In any business, employers are keen on seeing a return on their investments. With wellness programs, employers tend to see ROI in tangible ways, such as reduced absenteeism and a reduction in certain medical claims (e.g. urgent care visits instead of emergency room visits). An added benefit is that employers will often see an increase in the Value of Investment (VOI), indicated by increased loyalty, employee retention, and a boost in employee morale.
According to findings from the International Foundation of Employee Benefit Plans Workplace Wellness 2017 Survey Report, employers that offer and measure their wellness initiatives experienced increases in both ROI and VOI, with 92% of workplaces that offer wellness programs reporting their initiatives to be very or somewhat successful.
|Financial Sustainability/Growth in the Organization
|Increased Employee Satisfaction
The IFEBP 2017 survey results also seem to indicate that responding employers are not primarily concerned with controlling or reducing health-related costs. In fact, the adjacent graphic illustrates that 75% of respondents were more concerned with improving overall health and well-being. Employers are increasingly realizing that wellness is more than just physical health. It also impacts the health of the organization, employee productivity, and overall happiness. Employees that feel empowered to take better care of themselves should experience less stress in their lives both on the job and off, creating happier, more productive employees.
It seems clear that wellness is “shaping up” to be a key area of investment and strategy for employers year after year. Creating a healthier work environment may be a critical piece of your organization’s success. Introducing wellness programs can show your employees that you are their partner, which is likely to be a win-win for both you and your workforce.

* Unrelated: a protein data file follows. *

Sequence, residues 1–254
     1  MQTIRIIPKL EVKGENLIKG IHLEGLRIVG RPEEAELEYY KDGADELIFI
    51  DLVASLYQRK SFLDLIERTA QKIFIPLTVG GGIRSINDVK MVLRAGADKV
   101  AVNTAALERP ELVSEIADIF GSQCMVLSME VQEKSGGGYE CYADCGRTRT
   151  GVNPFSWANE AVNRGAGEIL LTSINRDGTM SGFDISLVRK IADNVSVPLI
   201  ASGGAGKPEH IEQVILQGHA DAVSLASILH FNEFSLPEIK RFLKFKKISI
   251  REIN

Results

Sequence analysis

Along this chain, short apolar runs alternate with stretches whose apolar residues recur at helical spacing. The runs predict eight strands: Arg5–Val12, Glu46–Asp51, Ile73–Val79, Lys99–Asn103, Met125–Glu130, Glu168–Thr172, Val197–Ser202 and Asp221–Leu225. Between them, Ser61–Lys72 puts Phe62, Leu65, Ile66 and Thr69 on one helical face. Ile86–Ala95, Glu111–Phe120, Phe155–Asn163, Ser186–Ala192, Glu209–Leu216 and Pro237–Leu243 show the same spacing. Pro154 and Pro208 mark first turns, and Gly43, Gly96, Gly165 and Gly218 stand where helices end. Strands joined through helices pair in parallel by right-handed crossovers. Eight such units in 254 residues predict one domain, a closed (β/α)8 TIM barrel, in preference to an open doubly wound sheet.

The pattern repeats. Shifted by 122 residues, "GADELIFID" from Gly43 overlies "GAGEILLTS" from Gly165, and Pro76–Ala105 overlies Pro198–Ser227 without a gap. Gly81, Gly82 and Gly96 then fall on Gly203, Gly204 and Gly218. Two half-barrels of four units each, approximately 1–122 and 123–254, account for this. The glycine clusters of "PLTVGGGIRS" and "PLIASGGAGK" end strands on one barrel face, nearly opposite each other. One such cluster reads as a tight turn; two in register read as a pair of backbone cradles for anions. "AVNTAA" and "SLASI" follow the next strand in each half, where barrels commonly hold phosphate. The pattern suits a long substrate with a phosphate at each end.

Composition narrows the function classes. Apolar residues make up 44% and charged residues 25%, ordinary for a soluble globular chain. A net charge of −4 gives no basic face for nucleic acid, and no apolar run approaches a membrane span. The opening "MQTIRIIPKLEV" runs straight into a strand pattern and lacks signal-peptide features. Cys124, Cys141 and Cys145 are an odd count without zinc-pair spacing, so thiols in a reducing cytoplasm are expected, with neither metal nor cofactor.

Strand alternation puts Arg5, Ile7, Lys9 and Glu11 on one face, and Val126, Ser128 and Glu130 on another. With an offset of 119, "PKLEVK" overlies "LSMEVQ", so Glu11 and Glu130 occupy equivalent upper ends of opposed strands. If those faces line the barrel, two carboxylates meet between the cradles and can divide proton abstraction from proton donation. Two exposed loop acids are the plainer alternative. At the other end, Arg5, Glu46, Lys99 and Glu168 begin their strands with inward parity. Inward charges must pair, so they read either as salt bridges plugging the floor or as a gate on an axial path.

The Department of the Treasury and the Internal Revenue Service (IRS) have determined that additional time will be needed for many employers, insurers, and other providers of minimum essential coverage (MEC) to gather the necessary information to prepare the 2017 Forms 1095-B and 1095-C that must be issued to individuals under Sections 6055 and 6056. With the release of Notice 2018-06 on December 22, 2017, the IRS has exercised its right to grant an extension of up to 30 days to furnish Forms 1095-B and 1095-C, delaying the January 31, 2018 deadline to March 2, 2018.
Employers should now be aware of these important deadlines:
- March 2, 2018 – Forms 1095-B and 1095-C must be provided to employees
- February 28, 2018 – Deadline for 2017 paper filing with the IRS
- April 2, 2018 – Deadline for 2017 electronic filing with the IRS
Even though an extension has been granted, employers and other coverage providers are encouraged to issue their 2017 statements to employees as soon as they are able. There has been no change to the deadline for filing 2017 returns with the IRS, and taxpayers do not need to wait to receive Forms 1095-B and 1095-C before filing their tax returns.
The Affordable Care Act added Sections 6055 and 6056 to the Internal Revenue Code, thereby requiring sponsors of health care plans to maintain minimum essential coverage of their employees throughout the year or face potential fees. Further, every provider of MEC must report coverage information by filing an information return with the IRS and furnishing a statement to individual employees.
MidAmerica’s ACA Reporting Solutions help ease the sponsor’s administrative and compliance burden by filing 1094 and 1095 forms on behalf of the employer. Whatever your form-filing needs are, we have a solution that works for you. With over 20 years of public sector compliance experience, we have the products and industry knowledge to ensure our clients are compliant under the ever-changing ACA regulatory landscape. If you are ready to save time and headaches on forms filing, while avoiding the risk of inaccurate reporting, click the button below to enroll in MidAmerica’s ACA Reporting Solution.
ACA Reporting: Enroll Now